Happy Christmas! I hope you get a good walk in, enjoy the Ab Fab Christmas special and get at least one purple one from the Quality Street tin.

See you on the other side...

Monday, 12 December 2011

Aliens, Machine Guns & Severed Fingers

Last week, whilst helping out at school, my sister heard a teacher say the following: "would the two shepherds at the front PLEASE stop using their crooks as machine guns." You gotta love nativity plays. A few days previously, my smallest daughter was due to find out what part she was playing in her primary school's production of that well-known classic: Christmas with the Aliens. With her cousin as the Angel Gabriel in her own school play a few miles down the road, my smallest had high hopes. Another Angel Gabe? The Christmas star? Maybe, even, (fingers tightly crossed), Mary...

As soon as I arrived to pick her up from school I could tell things weren't quite right. "Are you okay?" I asked.
She shook her head, her face contorted into that cartoonish sad-mouth that only small children can carry off. "I don't like what I am in the play."
"What are you?"
"I...I'm..." There was a long pause, followed by a dramatic palms-over-face, and finally a banshee wail. "I'm...a...CHHIICCKENNNN!"
This drama-queen gene is carried by all the women in our family, including myself, so I had full sympathy. I swallowed my laughter, gathered her on to my lap and told her what an important part the Chicken plays in the Christmas story. Thankfully, her teacher sensed her uncertainty, and the following day bestowed on her the pinnacle of responsibility. Presumably due to the lack of a Chistmas Stork in this nativity-meets-ET extravaganza, it was now the Christmas Chicken's role to present the Baby Jesus to Mary at the appropriate moment.

So there I am, not long after, crammed into the hall with the other mums and dads, all of us grinning indulgently, as we watch a small group of colourful Aliens crash-land on Earth, stumble across a nativity production, and ultimately learn the importance of pre-booking hotel rooms. And then when Joseph, Mary, and a donkey in grey pyjamas, reach the stable, my eyes fall on my Chicken. She seemed agitated, looking madly around her, trying to get the teaching assistant's attention. The TA ignores her concern and ushers her on to the stage, along with the Christmas Pig, the Christmas Sheep and the Christmas Chick (my Chicken has a baby! Very proud). I hold my breath. This is her moment. The delivery of the baby to his yawning mother. My Chicken walks up to the edge of the stage and, in sotto voce worthy of any am-dram farce, says: "someone's taken the Baby Jesus." Then she makes a who-cares-anyway face, and the nativity continues without the main character, until all the Aliens are safely back in their spaceship, taking the story of Christmas home to those corners of the Universe it has yet to reach.

In peculiar juxtaposition, three hundred miles away, before the start of another nativity, two fathers get into a fight. During this kerfuffle one of them bites the other one's finger off.

Did you hear that? He bit the finger OFF.

Now call me old-fashioned, but as far as I'm aware a primary school nativity play is the least appropriate place for biting anyone's finger off, least of all someone else's. A dog fight, a death metal concert, or a Mike Tyson appreciation convention would be far more suitable events for such dedigitation. Perhaps in the future we should provide shepherd crooks at the door so any would-be finger-eaters could grab a couple on the way in and shoot each other instead.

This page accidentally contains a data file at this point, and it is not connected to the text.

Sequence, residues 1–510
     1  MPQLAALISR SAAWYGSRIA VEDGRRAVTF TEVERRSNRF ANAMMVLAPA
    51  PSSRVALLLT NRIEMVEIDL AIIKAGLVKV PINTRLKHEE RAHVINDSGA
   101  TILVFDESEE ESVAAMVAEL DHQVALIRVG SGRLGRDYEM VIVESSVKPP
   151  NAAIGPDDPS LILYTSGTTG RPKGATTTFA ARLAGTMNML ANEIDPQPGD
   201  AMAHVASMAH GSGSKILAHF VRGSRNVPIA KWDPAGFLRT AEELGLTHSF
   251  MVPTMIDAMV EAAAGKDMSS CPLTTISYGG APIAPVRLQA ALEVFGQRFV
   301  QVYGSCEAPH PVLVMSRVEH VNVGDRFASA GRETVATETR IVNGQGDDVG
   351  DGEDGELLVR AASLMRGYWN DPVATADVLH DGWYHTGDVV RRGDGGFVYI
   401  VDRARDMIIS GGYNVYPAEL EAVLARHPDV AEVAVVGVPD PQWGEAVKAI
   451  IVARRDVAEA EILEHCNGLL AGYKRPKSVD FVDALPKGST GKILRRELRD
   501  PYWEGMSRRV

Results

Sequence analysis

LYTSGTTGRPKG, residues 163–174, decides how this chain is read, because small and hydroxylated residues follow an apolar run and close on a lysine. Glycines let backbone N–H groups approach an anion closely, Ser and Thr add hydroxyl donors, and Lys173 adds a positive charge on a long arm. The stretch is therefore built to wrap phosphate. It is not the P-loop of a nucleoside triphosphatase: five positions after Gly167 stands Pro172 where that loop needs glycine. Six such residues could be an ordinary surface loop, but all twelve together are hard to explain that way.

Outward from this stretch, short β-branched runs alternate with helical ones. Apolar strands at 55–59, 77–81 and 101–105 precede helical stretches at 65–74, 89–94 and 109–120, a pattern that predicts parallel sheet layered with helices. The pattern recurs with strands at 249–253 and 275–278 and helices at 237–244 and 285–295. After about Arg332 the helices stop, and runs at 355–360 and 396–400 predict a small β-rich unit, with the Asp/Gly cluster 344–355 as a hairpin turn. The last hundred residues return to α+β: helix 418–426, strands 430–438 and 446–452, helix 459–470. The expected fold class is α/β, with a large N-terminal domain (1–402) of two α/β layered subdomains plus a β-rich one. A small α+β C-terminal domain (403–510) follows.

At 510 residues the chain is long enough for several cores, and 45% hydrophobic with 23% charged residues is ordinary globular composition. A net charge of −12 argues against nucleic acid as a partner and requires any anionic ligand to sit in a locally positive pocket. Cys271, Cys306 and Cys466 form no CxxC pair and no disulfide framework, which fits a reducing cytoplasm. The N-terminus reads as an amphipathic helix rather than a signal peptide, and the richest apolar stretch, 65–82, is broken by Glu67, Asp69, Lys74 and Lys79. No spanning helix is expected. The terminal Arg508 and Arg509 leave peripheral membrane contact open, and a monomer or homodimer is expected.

That or make sure there are enough mince pies to go around...

Monday, 5 December 2011

Homage to the Washing Machine

We have just experienced four weeks and six days without a washing machine. From the moment our Hotpoint stopped working it's been a trial of patience. The saga itself is dull, merely a catalogue of failed diagnoses and screwed up deliveries that most of you will recognise. But living without a washing machine for five weeks was hard, obviously not refugee-hard, or terminal-illness-hard, but within the confines of domesticity, losing this particular appliance is traumatic. My 97 year old granny was deeply sympathetic; the horror of living without a washing machine, even for a day, concerned her greatly.
"You should buy a Miele, dearest."
"We have a Hotpoint."
"It's broken. You must get a Miele. My Miele has never broken. I've had my Miele 18 years. My Miele has never let me down."

When the Man-Who-Knows-Washing-Machines finally pronounced ours deceased, we decided to take her advice; I was desperate, on the verge of tears and wearing bikini bottoms in place of pants. Don't get me wrong, I am not a domestic goddess by any means (my eldest daughter, when aged three, picked up a plastic iron in the Early Learning Centre, and - no joke - asked what it was), but there is something deeply depressing about seeing each of your children morph into Stig of the Dump, about humongous piles of washing growing in the corner of every room, about cupboards stuffed full of grubby towels and sheets. I felt dreadfully spoilt and princessy, moaning about laundry when the economy is going to the dogs and poverty ravages the lives of 1 billion people globally. I reminded myself that only a few hundred years previously I would be sat at the mangle for hours each day, my red-raw fingers scrubbing cinders off rags, while I scolded the children for playing marbles too loudly, and looked forward to bread-and-dripping for supper. None of this helped. I was down to my last pair of bikini bottoms. Soon, I'd be going commando. This scared me.

So, when my Miele arrived, I have to admit, sod the three births and the wedding, this was the happiest day of my life. I literally screamed with euphoric glee. Shiny and new, it glowed in all its Miele glory, its proverbial chest puffed up, muscles flexed.
"You must not vorry any more, Frau Jennings," it purred in authoritative, Germanic tones. "I am here and I vill vosh all of your clozes."
"But Meile," I said, crying tears of ecstatic joy. "How? This mountain of washing..?"
"Zis is no match for me, Frau Jennings. Voshing warst piles of voshing is vot I do best."
And then Miele - with his multitude of programs, his helpful display, his temperature variations, his soft-wash, extra-wash, short-wash, and variable spin - voshed and voshed and voshed, until finally my children stop resembling grubby street-urchins and I am wearing normal pants. These are happy days. You are now safe to venture into my home.

One thing though, if you do come and visit, you mustn't go into the spare room....

...unless you want to help me sort and fold.